Debunked: Alien Base on Mars: "Bio-Station Alpha"

Mick West

Staff member
Nobody would be more excited than me if someone found evidence of life on Mars. But I really don't think this is it:

71 49'19.73"N 29 33'06.53"W

Supposedly it's something that looks like a base on Mars. It's superficially like a long white structure, with various buildings.

The problem here is one of pixels. What the above image is is a highly magnified and filtered version something that's just about 13 pixels long. It's like taking a tiny spec on some photo, and blowing it up as much as possible, and then smoothing out all the edges, blurring, and smoothing again.

Here' it more zoomed out

And here with the contrast enhanced

If you look around at the surrounding pixels, it seems clear that any of the "structure" of the object probably just comes from the noise.

You'll note the background has a faint grid visible. This is from the compression, and the squares here represent 8x8 pixel squares in the original image.

To me this looks like a glitch in the data where a few pixels were set to random bright white and dark colors, and that has been compounded by the image being rotated (to fit the mapping onto the globe), filtered, and compressed, to give this result. Here's an example of what might happen:

We start off with a high quality picture straight from the camera. This is photo of the desert to the East of the Grand Canyon, on Earth.

I've reddend and darkened it a bit, so this is like the original photo from Mars. On the right is a zoomed in section of this, showing the individual pixels.

Let's introduce a data transmission glitch that results in a few pixels in word (16 pixels) being set to white pixels. You'll see it as a thin horizontal line one the right of the image.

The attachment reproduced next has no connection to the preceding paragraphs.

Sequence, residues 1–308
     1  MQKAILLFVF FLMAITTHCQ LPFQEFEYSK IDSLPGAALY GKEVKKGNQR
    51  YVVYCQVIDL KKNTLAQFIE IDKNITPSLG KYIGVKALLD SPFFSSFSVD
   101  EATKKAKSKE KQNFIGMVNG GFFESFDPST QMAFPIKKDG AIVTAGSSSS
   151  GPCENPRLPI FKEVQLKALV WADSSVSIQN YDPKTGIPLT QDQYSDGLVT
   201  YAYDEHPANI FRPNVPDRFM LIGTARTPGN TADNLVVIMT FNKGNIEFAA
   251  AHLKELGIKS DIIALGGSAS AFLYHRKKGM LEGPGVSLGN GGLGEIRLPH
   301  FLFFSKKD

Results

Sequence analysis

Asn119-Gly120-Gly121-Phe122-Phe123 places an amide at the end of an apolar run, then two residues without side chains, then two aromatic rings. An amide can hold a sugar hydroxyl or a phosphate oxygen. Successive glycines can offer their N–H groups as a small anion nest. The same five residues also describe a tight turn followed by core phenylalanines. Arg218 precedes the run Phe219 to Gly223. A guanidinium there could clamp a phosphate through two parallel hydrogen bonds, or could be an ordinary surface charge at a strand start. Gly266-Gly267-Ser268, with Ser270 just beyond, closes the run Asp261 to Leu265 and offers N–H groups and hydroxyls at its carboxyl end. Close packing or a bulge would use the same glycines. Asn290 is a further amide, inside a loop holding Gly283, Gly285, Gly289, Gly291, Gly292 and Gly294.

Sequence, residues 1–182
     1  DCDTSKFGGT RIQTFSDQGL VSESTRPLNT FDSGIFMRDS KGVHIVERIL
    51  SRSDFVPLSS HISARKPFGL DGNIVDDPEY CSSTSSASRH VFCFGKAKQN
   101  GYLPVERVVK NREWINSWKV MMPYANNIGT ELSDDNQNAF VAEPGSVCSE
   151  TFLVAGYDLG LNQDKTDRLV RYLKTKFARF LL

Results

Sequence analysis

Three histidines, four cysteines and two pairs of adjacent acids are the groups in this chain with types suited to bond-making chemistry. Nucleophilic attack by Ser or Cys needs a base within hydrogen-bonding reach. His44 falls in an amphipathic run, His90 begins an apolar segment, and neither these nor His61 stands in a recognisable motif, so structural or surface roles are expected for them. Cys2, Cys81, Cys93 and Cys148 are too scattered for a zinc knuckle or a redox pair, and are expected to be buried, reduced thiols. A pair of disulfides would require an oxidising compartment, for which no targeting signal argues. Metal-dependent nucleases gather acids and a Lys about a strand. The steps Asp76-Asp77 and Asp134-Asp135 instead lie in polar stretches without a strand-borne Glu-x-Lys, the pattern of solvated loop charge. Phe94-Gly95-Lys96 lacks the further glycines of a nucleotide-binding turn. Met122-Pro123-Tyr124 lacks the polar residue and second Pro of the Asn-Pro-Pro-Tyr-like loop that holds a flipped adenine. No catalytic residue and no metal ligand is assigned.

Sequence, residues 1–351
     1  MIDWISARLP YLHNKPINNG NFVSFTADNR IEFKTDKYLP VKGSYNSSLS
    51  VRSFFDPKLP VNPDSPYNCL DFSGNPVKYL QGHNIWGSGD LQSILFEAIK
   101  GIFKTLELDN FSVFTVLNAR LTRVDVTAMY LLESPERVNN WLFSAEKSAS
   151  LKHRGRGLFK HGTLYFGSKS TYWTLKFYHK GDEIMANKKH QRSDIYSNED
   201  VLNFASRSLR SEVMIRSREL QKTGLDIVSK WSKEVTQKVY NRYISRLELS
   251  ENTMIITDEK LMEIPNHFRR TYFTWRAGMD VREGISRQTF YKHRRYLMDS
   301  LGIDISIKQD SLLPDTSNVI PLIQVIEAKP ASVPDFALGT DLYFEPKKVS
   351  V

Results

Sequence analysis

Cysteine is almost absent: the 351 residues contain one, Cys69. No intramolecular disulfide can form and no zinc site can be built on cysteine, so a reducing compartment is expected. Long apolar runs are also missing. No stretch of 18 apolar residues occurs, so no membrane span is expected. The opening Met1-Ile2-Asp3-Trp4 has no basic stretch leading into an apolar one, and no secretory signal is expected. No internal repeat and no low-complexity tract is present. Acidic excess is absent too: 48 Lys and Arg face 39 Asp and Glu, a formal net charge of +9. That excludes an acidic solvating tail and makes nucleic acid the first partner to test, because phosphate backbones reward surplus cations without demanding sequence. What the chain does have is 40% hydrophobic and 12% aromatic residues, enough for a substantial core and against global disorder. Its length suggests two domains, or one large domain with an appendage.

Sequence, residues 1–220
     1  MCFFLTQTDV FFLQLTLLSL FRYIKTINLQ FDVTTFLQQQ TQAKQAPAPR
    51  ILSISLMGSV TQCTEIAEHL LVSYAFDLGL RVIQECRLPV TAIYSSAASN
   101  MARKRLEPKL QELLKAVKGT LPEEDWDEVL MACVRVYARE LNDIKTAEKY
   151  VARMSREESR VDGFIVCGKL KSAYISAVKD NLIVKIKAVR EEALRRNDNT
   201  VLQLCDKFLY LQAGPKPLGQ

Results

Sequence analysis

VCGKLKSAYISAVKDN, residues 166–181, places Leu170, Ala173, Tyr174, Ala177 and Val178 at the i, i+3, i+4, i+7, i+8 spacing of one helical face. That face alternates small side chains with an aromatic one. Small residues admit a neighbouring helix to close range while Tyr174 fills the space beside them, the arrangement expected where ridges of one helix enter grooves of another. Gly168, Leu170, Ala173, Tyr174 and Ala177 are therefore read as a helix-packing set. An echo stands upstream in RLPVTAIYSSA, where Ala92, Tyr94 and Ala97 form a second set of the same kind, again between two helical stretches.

Now to simulate the transform and compression process, I'll rotate it eight degrees, then save it out with high compression. Jpeg Level 3 in photoshop:

Then we map it onto a bit of Mars in Google Earth, with "Add Image Overlay"

Then we zoom in using Google Earth.

And here's another example with different simulated glitches. One line is solid white, the other is random white and transparent:

So yeah, maybe it's it space station on Mars. But a tiny little bit of corrupt data seems a lot more likely.
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Mick West

Staff member
Here's one scientist's theory on what caused the original glitch

"It looks like a linear streak artifact produced by a cosmic ray," said Alfred McEwen, a planetary geologist at the Lunar and Planetary Lab at the University of Arizona and the director of the Planetary Imaging Research Laboratory. McEwen is the principal investigator of the High Resolution Imaging Science Experiment (HiRISE), a powerful telescope currently orbiting Mars.

Cosmic rays are extremely energetic particles emitted by the sun and other stars. For the most part, the Earth's protective magnetosphere blocks them from hitting the planet's surface, McEwen explained.

"But with space images that are taken outside our magnetosphere, such as those taken by orbiting telescopes, it's very common to see these cosmic ray hits. You see them on optical images and a lot of the infrared images too," he told Life's Little Mysteries.

Basically it's a cosmic ray, an energetic charged subatomic paticel , that zappet though the camera, and caused momentary excitation of the CCD sensor, causing a few pixels to be brightened. It's like video static, except there's only one little bit of it, because it was caused by one particle.

I'm not entirely convinced. It looks more like corrupt data that a streak of light, especially as it's pixel aligned. I suppose it could be related to how the CDD is scanned.

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